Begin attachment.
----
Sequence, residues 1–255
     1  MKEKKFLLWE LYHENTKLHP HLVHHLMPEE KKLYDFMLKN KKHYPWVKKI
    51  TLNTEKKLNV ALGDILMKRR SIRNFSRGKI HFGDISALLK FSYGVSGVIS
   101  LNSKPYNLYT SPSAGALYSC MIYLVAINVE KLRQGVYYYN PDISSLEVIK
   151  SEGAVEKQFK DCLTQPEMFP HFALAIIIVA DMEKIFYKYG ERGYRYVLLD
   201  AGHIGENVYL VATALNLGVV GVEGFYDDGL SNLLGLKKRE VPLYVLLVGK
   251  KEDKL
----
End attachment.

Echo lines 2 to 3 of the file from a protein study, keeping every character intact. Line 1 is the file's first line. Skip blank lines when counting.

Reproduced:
     1  MKEKKFLLWE LYHENTKLHP HLVHHLMPEE KKLYDFMLKN KKHYPWVKKI
    51  TLNTEKKLNV ALGDILMKRR SIRNFSRGKI HFGDISALLK FSYGVSGVIS